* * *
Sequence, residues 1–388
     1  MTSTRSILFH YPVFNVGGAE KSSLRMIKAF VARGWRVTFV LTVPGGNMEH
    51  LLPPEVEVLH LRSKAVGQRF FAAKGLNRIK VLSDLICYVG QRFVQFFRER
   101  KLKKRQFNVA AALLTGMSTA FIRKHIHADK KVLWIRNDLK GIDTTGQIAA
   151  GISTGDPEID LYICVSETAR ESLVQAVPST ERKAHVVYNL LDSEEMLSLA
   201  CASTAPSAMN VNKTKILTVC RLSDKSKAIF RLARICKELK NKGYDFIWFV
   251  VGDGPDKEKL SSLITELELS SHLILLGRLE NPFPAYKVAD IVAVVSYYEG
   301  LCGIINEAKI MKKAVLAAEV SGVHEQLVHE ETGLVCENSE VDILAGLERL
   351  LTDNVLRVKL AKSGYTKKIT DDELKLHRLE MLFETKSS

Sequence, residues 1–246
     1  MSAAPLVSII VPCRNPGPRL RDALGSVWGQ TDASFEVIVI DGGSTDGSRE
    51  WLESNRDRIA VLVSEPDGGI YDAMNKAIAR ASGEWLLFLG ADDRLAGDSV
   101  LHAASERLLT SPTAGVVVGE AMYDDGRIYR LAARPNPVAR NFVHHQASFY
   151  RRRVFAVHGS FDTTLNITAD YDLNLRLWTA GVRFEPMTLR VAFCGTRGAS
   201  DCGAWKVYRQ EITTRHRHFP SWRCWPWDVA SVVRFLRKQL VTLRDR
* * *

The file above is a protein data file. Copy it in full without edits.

Sequence, residues 1–388
     1  MTSTRSILFH YPVFNVGGAE KSSLRMIKAF VARGWRVTFV LTVPGGNMEH
    51  LLPPEVEVLH LRSKAVGQRF FAAKGLNRIK VLSDLICYVG QRFVQFFRER
   101  KLKKRQFNVA AALLTGMSTA FIRKHIHADK KVLWIRNDLK GIDTTGQIAA
   151  GISTGDPEID LYICVSETAR ESLVQAVPST ERKAHVVYNL LDSEEMLSLA
   201  CASTAPSAMN VNKTKILTVC RLSDKSKAIF RLARICKELK NKGYDFIWFV
   251  VGDGPDKEKL SSLITELELS SHLILLGRLE NPFPAYKVAD IVAVVSYYEG
   301  LCGIINEAKI MKKAVLAAEV SGVHEQLVHE ETGLVCENSE VDILAGLERL
   351  LTDNVLRVKL AKSGYTKKIT DDELKLHRLE MLFETKSS

Sequence, residues 1–246
     1  MSAAPLVSII VPCRNPGPRL RDALGSVWGQ TDASFEVIVI DGGSTDGSRE
    51  WLESNRDRIA VLVSEPDGGI YDAMNKAIAR ASGEWLLFLG ADDRLAGDSV
   101  LHAASERLLT SPTAGVVVGE AMYDDGRIYR LAARPNPVAR NFVHHQASFY
   151  RRRVFAVHGS FDTTLNITAD YDLNLRLWTA GVRFEPMTLR VAFCGTRGAS
   201  DCGAWKVYRQ EITTRHRHFP SWRCWPWDVA SVVRFLRKQL VTLRDR